She smiled and waved to everyone and then noticed a magazine with Oliver Stone on the cover. She picked it up and ripped it into pieces, cursing. (Lohan had been considered for a role in Stone's "Savages," but the director eventually passed.) She then went into the bedroom, calling out, "Does anyone want a beer?" Then she popped back out.
"The minibar is empty. Now that's interesting!"
Lohan locked herself in a closet with her friend/assistant Gavin Doyle, and kept the cast and crew waiting two and a half hours before finally emerging for a nude scene she was contractually bound to film.
[A producer] noticed that she and Gavin had been drinking, which was understandable for a young woman shooting a sex scene with three porn stars. Quietly, Pope told Lohan that he could get her a driver to take her home. But she refused, jumped into her Porsche and headed down the dark, narrow road toward the P.C.H.
Making movies is pretty low on this girl's priority list.
"Lindsay was out with Lady Gaga till 5:30 a.m. Her call was 6 a.m."
By 9 a.m., Lohan was lying down in a Café Med booth with her hands over her eyes shading them from imaginary sunlight. The production had the restaurant only until 11. Schrader paced, breathing heavily.
A doctor arrived and took Lohan's blood pressure. He walked over to Pope and Schrader. His diagnosis: An inner-ear infection. She was done for the day. Schrader didn't buy it.
"That's her doctor, he'll say whatever she wants. I shot one day from a stretcher. She could do it, but she doesn't want to."
In post production:
It took two months and the quasi intervention of Lohan's father to get Lohan to finish two hours of looping for the outdoor scenes.
7.) Despite having a criminal record she could wallpaper a large bathroom with and recent film reels that might be best utilized as toilet paper, she's yet to grasp that her personal and professional decisions are for shit.
Lohan's visage had a Kabuki quality to it. She had chosen to wear layers of mascara and catlike eye makeup with black lines pointing out toward her ears. Before the shoot, Pope showed Lohan Polaroids of her looking beautiful with minimal makeup.
"Look, our interest is in making you look great," Pope told her. "You look beautiful with just a little makeup."
But Lohan was trying to put her pixieish Disney days behind her and thought the Courtney Love approach made her look hip.
"I don't want to take a while off, I want to keep working. There's some other scripts, and I eventually want to direct, so maybe when I'm not filming, I can be directing something because I learned so much from the people that I worked with."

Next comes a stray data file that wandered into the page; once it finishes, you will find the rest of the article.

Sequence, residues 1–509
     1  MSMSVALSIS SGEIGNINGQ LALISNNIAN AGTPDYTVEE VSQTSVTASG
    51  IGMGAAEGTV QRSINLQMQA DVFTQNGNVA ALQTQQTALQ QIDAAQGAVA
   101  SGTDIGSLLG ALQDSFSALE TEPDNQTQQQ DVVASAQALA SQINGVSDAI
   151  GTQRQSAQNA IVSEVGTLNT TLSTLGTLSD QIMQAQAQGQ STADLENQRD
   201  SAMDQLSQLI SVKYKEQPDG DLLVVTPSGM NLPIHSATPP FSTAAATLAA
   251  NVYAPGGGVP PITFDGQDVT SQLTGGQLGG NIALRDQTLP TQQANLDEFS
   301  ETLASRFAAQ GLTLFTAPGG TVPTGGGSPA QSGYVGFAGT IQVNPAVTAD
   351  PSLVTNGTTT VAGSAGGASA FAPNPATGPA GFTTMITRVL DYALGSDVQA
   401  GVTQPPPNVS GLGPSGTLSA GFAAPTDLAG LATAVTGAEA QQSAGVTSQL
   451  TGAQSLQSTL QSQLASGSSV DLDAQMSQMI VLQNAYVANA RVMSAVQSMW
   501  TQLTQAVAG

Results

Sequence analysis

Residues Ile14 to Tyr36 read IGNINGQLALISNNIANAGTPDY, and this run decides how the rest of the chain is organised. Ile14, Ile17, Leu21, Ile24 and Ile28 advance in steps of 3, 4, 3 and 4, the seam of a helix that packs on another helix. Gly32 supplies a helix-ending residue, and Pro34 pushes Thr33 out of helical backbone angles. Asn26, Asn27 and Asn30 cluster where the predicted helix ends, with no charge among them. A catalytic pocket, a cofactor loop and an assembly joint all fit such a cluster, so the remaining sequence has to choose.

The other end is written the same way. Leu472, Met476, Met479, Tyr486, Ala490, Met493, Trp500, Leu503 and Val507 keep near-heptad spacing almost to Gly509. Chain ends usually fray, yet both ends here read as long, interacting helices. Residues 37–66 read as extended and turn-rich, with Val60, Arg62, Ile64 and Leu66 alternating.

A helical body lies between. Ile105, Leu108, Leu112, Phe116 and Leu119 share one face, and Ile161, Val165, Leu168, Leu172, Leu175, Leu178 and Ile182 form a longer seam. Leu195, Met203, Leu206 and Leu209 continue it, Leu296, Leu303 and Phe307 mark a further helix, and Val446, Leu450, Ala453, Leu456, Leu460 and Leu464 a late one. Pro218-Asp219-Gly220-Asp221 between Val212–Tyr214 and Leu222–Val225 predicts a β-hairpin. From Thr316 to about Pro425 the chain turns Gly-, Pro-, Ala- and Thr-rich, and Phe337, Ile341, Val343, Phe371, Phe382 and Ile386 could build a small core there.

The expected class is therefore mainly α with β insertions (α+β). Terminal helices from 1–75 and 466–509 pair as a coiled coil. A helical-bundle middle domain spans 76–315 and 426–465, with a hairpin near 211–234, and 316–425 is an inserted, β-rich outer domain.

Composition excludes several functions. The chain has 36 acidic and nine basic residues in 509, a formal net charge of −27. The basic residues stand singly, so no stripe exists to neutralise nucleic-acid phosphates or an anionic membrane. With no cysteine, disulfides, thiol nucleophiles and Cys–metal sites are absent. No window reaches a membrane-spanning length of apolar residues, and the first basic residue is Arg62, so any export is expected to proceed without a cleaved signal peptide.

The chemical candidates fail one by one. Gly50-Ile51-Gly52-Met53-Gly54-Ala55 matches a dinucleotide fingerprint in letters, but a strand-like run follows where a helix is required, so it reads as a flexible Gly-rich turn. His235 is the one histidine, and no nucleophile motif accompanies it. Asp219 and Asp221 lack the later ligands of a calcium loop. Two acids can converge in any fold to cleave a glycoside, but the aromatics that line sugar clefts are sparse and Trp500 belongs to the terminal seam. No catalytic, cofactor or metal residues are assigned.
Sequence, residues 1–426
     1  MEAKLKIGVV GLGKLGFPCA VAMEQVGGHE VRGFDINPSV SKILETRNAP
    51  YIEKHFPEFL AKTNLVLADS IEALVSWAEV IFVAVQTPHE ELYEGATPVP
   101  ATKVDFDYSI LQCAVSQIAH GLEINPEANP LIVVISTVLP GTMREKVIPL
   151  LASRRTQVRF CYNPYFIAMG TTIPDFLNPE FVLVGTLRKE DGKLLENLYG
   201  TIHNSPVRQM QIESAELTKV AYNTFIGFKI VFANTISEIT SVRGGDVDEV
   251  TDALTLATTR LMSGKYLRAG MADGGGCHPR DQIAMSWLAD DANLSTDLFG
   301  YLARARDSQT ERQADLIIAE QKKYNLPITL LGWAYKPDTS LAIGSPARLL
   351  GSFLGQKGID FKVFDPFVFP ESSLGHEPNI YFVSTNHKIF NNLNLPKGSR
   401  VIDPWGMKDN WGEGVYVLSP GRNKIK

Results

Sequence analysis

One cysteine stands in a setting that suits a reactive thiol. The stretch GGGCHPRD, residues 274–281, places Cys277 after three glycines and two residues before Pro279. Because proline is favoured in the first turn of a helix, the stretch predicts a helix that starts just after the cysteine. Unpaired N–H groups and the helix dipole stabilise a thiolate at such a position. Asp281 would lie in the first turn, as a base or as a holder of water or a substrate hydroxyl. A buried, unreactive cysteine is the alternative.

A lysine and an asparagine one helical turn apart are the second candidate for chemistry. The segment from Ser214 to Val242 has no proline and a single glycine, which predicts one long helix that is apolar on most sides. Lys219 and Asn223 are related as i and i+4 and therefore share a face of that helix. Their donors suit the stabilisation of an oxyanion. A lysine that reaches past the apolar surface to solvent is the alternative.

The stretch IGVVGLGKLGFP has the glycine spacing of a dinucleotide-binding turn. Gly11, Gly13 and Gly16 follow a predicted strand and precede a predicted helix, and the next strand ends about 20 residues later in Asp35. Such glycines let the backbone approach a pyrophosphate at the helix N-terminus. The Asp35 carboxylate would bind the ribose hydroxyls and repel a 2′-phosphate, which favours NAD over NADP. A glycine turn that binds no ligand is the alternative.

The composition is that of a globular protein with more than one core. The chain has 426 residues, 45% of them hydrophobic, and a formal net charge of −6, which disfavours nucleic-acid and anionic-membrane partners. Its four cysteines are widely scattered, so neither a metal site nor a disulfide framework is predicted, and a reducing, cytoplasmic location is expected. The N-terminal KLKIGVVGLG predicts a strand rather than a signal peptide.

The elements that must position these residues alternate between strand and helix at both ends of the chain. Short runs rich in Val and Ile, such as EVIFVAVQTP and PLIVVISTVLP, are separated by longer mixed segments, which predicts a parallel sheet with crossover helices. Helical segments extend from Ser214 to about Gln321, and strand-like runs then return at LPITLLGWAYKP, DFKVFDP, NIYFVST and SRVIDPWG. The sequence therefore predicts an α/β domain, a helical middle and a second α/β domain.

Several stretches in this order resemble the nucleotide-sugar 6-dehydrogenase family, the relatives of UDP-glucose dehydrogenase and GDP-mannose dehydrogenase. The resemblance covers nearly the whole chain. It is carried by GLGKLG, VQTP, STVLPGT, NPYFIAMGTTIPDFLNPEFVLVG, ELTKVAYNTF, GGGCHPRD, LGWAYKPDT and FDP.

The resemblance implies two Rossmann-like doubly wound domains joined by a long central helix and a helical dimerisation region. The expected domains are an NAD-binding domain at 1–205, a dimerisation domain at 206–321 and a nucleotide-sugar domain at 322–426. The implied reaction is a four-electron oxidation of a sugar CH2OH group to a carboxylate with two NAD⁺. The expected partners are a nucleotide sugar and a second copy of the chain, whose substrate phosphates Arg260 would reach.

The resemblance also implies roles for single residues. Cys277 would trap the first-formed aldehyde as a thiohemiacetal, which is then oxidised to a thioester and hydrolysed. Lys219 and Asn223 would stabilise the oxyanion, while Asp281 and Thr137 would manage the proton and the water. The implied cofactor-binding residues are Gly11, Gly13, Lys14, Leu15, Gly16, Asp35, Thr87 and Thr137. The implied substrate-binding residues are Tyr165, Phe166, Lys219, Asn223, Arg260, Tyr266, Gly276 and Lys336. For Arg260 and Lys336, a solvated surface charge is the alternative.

Only Lohan had a visitor on that first Malibu day. It was Steve Honig, her publicist, a stubby, bald man in a denim shirt. He told Schrader having a reporter on set was unacceptable. Schrader told Honig that he understood and that if he wanted to pull Lohan from the movie, he should do so. Honig backed down. Honig and I talked for a few minutes while the crew waited for the marine layer to lift.
"I don't want this to be all about Lindsay being late," Honig said. "Actresses are always late. Julia Roberts is late."
And of course:
[The director] showed the film to Lindsay and her mother, Dina, in October at his New York City apartment. They were both so furious about how the camera lingered on Deen that Schrader had to move Dina to another room to get through the screening.
While the tabloid-worthy Lohan family history is sad and undoubtedly contributed to Lohan's emotional instability, perhaps her biggest problem is that she's refuses to rise above her past, and instead, is resolute in being defined by it. That way she can, at least in her mind, remain blameless in the mess that is her life.
Lohan lay slumped on the floor, her hands guarding her face, shoulders shaking, tears pouring down her cheeks. Between takes, she listened to Ryan Adams's cover of "Wonderwall." After three shots, Schrader said he was satisfied, and Lohan fumbled for a cigarette. She headed downstairs, and someone complimented her work.
"Well, I've got a lot of experience with that from my dad."
She didn't elaborate, and no one asked.
Ultimately, though, the reason why the Times piece is so good is because Lohan is, at her core, a compelling figure. She's still entertaining, albeit, not in the way that she intends to be. But if she's going to refuse to be honest with herself and get her act together, then she should just get used to an audience's preference of reading about her bullshit behavior than watching her in a movie. At this point, some part of her recognizes that her bread is buttered by being a professional Lindsay Lohan, party girl for hire. She's at least a character, if no longer an actress.